- Waldorf College Forest City, Iowa
In entertainment, Sigrid Gurie, "the siren of the fjords," starred in numerous motion pictures in the 1930s and 1940s. Other Hollywood actors and personalities with one Norwegian parent or grandparent include James Arness, Paris Hilton, James Cagney, Peter Graves, Tippi Hedren, Lance Henriksen, Celeste Holm, Kristanna Loken, Robert Mitchum, Piper Perabo, Priscilla Presley, Michelle Williams, Rainn Wilson, and Renée Zellweger. Seminal protopunk musicians Iggy Pop of The Stooges and David Johansen of the New York Dolls and Don Dokken of the heavy metal band Dokken have Norwegian ancestry. Paul Waaktaar-Savoy of the synth pop band a-ha is Norwegian, having been born and raised in Oslo. He is a naturalized American citizen and has homes in both Oslo and New York City.
In journalism, Eric Sevareid, was a well-known a CBS reporter and commentator. In literature, Ole Edvart Rølvaag wrote about the immigrant experience, especially the Norwegian-American experience in The Dakotas. Rølvaag's home is a National Historic Landmark.
In labor unions, Andrew Furuseth was largely responsible for the passage of four reforms that changed the lives of American mariners. Two of them, the Maguire Act of 1895 and the White Act of 1898, ended corporal punishment and abolished imprisonment for deserting a vessel. The Seamen's Act of 1915 included all these and was his main project.
Minnesota Democratic Senators Hubert Humphrey and Walter Mondale served as the 38th and 42nd Vice Presidents of the United States, respectively, and were nominees for President in 1968 and 1984, respectively. Earl Warren of California was the 14th Chief Justice of the United States.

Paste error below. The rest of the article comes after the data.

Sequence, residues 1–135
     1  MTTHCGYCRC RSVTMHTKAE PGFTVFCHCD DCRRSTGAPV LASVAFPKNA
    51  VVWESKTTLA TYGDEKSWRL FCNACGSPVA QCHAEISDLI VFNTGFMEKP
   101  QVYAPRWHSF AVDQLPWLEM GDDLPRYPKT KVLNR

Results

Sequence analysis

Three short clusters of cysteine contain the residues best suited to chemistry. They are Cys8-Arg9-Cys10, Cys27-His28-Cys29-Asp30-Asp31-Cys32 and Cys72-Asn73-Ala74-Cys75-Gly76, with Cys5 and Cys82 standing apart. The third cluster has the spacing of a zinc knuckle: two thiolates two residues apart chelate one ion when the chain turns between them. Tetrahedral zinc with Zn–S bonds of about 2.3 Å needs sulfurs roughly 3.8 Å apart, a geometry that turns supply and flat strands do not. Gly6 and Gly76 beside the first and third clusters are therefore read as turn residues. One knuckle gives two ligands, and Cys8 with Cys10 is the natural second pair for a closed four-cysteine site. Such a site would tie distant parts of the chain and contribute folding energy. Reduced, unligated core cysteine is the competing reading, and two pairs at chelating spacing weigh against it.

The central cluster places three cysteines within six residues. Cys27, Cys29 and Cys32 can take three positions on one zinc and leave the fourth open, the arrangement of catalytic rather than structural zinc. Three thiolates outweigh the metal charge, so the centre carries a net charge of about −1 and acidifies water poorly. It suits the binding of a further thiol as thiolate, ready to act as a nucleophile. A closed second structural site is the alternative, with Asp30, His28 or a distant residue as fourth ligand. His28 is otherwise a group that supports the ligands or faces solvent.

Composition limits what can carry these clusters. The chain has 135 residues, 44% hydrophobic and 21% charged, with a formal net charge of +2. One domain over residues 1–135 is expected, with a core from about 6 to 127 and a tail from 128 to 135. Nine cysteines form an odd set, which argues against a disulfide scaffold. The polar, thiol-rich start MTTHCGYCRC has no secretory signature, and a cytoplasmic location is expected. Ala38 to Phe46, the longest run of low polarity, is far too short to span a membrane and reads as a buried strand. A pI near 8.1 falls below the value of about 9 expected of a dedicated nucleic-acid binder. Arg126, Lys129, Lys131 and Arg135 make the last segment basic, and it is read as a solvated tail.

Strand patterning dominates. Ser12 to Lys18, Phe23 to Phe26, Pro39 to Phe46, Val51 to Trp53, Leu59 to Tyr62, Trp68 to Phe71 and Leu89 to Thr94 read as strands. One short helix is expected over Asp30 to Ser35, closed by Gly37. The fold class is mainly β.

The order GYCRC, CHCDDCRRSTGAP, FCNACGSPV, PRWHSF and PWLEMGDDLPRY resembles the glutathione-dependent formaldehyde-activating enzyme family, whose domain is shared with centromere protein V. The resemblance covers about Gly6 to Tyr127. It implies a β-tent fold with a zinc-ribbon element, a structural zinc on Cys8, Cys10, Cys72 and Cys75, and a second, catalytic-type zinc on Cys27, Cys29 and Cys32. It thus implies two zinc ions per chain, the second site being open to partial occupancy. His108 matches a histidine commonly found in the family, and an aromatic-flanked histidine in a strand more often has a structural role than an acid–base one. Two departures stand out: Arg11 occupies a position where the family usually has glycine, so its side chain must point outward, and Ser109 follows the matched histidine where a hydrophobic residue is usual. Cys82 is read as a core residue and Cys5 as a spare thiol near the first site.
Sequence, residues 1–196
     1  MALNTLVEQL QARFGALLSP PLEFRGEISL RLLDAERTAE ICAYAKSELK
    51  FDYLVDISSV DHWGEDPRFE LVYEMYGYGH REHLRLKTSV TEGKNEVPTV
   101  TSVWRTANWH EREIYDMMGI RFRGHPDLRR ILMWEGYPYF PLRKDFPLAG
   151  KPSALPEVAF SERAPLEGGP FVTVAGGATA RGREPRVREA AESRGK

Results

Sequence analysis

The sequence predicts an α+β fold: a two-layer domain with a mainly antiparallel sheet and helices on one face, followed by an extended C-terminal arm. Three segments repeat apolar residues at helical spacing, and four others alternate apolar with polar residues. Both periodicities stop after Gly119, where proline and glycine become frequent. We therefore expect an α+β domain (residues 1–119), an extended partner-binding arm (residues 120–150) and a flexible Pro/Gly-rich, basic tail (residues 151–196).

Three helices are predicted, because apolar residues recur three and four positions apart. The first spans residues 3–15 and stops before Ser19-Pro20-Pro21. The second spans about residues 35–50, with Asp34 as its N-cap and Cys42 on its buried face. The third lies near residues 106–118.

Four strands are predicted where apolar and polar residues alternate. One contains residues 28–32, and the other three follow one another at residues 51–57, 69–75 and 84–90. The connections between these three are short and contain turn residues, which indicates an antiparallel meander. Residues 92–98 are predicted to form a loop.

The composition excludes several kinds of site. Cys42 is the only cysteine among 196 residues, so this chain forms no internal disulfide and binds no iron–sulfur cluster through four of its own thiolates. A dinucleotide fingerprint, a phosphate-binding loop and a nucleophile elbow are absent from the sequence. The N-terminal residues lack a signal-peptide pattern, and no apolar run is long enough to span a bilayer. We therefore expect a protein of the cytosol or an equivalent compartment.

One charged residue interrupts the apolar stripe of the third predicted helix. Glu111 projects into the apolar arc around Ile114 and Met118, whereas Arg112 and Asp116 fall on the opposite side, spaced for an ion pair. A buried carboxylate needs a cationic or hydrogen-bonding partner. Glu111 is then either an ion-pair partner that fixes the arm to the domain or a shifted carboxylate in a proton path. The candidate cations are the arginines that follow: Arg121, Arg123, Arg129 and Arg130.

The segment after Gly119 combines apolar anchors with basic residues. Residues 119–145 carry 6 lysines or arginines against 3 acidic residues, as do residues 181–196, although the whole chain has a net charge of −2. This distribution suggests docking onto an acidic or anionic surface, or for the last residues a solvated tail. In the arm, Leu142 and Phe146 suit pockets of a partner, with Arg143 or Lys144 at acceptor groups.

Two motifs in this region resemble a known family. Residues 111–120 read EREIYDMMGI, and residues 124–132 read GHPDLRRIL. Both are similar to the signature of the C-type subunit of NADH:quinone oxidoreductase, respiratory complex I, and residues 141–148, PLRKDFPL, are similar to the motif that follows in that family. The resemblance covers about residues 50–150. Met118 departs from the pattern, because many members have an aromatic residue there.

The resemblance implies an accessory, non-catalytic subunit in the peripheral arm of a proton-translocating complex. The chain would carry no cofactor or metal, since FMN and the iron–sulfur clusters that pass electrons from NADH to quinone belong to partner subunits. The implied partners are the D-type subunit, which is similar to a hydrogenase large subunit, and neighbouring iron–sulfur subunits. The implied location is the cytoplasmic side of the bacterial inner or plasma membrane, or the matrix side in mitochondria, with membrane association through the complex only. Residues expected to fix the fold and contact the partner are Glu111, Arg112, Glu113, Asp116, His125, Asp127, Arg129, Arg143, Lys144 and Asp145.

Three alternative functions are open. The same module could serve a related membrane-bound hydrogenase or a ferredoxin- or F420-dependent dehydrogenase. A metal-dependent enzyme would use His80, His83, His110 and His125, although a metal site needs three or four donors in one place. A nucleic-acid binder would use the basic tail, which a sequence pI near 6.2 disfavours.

In science, Ernest Lawrence won the Nobel Prize in Physics in 1939. Lars Onsager won the 1968 Nobel Prize in Chemistry. Norman Borlaug, father of the Green Revolution, won the Nobel Peace Prize in 1970. Christian B. Anfinsen won the Nobel Prize for chemistry in 1972. Ivar Giaever won the Nobel Prize in Physics 1973. Carl Richard Hagen is noted for his work in physics.
In engineering, Clayton Jacobson II is credited with the invention of the modern personal watercraft. Ole Singstad was a pioneer of underwater tunnels. Ole Evinrude invented the first outboard motor with practical commercial application, recognizable today on modern motorboats.
In religion, Olaf M. Norlie created the Simplified New Testament. Herman Amberg Preus was a key leader in the development of the Synod of the Norwegian Evangelical Lutheran Church in America. Bernt Julius Muus was the principal founder and Thorbjorn N. Mohn was the first president of St. Olaf College. Peter Laurentius Larsen and Ulrik Vilhelm Koren both helped found Luther College (Iowa).